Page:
to net income were this amount of service to be eliminated:
Δπ =ΔY
Δq

CY·ΔY
Δq

Cq

Δqð2Þ
where ΔY
Δq

is the change in yield, if any, resulting from the change
in pollination, C
Y
is the marginal cost of production the extra cost for
producing one more (or less) unit of yield, and C
q
is a marginal cost
adjustment, such as the cost of renting more bees to compensate for
lost pollination, if any, for the change in pollination, Δq.
From Eq. (2) it can be seenthat the value of pollination to production
is composed of three components: revenue effects from yield changes,
cost adjustments to yield, and cost adjustments to pollination service.
For a loss in pollination (Δqb0), the value lost to producers is equal to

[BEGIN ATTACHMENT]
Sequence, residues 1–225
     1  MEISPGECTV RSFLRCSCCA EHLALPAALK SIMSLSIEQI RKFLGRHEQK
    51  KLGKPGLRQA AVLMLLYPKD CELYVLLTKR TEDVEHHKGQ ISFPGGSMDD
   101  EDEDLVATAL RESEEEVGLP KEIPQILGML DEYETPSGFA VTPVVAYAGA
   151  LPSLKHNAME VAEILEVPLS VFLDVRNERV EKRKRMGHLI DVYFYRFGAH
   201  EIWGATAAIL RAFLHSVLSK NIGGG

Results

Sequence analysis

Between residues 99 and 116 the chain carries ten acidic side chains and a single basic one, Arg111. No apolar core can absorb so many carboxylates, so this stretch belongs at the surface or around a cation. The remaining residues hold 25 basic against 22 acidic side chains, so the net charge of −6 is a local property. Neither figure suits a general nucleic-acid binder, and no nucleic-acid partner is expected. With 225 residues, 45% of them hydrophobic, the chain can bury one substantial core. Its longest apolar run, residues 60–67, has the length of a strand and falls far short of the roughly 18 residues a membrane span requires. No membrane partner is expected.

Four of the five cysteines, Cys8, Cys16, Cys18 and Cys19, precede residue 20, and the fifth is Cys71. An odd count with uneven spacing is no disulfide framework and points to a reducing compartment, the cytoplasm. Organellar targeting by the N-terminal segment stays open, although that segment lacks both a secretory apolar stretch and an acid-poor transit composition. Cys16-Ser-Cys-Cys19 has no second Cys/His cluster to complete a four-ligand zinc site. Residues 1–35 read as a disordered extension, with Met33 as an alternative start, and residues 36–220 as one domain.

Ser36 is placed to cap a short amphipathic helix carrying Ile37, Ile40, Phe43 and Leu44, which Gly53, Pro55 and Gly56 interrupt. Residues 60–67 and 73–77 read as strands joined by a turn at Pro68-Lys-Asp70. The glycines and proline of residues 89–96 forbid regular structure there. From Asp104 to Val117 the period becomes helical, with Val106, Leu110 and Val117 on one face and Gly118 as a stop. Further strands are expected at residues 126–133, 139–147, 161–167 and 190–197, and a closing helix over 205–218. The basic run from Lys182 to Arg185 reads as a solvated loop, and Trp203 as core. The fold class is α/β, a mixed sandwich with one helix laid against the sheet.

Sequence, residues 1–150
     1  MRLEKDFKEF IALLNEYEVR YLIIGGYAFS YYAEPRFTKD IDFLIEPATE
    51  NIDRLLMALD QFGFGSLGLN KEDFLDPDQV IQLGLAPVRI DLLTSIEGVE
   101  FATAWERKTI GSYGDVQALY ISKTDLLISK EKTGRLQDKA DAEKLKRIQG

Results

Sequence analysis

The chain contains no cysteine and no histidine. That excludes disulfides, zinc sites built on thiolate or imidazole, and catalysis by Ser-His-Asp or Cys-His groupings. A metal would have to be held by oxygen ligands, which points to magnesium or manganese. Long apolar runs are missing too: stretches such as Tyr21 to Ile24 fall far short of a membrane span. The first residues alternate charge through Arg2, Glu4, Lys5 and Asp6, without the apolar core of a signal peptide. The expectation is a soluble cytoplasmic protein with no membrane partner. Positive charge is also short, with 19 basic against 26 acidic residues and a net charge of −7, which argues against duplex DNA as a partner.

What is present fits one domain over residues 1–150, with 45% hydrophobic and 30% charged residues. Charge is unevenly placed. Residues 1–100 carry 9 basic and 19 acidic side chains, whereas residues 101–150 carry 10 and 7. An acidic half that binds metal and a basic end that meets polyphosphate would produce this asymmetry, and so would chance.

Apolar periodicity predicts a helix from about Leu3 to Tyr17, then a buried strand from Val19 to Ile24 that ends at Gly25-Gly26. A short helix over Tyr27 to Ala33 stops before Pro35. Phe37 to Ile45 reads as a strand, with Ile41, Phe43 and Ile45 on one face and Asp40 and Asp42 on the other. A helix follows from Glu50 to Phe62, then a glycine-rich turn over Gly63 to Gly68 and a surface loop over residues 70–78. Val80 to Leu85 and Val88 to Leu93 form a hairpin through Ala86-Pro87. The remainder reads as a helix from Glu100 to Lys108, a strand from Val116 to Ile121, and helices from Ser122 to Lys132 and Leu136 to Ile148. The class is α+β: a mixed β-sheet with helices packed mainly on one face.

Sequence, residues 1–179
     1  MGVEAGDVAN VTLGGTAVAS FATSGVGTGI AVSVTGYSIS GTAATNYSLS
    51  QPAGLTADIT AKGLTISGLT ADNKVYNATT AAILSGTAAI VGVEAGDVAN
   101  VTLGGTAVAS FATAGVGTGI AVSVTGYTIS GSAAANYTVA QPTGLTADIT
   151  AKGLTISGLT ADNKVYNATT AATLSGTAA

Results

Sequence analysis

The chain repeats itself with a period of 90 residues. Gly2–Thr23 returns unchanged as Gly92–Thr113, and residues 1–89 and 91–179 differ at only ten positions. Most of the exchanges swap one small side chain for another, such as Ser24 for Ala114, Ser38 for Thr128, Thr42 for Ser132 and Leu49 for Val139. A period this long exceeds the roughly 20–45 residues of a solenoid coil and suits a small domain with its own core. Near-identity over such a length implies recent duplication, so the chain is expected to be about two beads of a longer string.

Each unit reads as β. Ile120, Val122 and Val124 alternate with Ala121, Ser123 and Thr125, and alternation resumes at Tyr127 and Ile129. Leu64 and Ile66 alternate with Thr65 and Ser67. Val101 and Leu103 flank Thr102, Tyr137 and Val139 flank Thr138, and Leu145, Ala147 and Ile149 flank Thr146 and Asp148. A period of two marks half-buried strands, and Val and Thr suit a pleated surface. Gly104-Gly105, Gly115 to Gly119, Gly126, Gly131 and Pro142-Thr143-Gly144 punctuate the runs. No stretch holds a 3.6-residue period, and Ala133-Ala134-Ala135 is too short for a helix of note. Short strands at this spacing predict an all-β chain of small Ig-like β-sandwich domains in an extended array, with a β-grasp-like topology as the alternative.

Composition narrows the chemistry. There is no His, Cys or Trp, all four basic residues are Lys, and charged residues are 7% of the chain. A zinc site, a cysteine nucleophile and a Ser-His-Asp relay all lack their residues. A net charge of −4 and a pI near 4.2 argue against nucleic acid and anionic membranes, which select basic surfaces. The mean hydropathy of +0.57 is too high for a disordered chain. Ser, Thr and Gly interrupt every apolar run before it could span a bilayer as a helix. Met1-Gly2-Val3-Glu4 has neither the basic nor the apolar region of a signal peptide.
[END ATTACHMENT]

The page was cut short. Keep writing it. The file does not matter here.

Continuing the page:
the revenue lost from reduced yield, less the cost savings from reduced
yield, plus the additional costs to substitute the lost pollinators.
There are circumstances in which one or more of the three compo-
nents will be negligible. In particular there are two important cases to
consider, which interestingly correspond with the two most promi-
nent valuation methodologies. The rst case occurs when pollinator
loss is perfectly substituted and thus no yield is lost. In this case, the
rst two components of Eq. (2) drop out and what's left is C
q
Δq, the
cost of the substitution. This is precisely what replacement cost stud-
ies estimate. When yield does not remain constant, then replacement
cost measures are not fully capturing the adjustments to production
(McConnell and Bockstael, 2005). In addition, yield may fall despite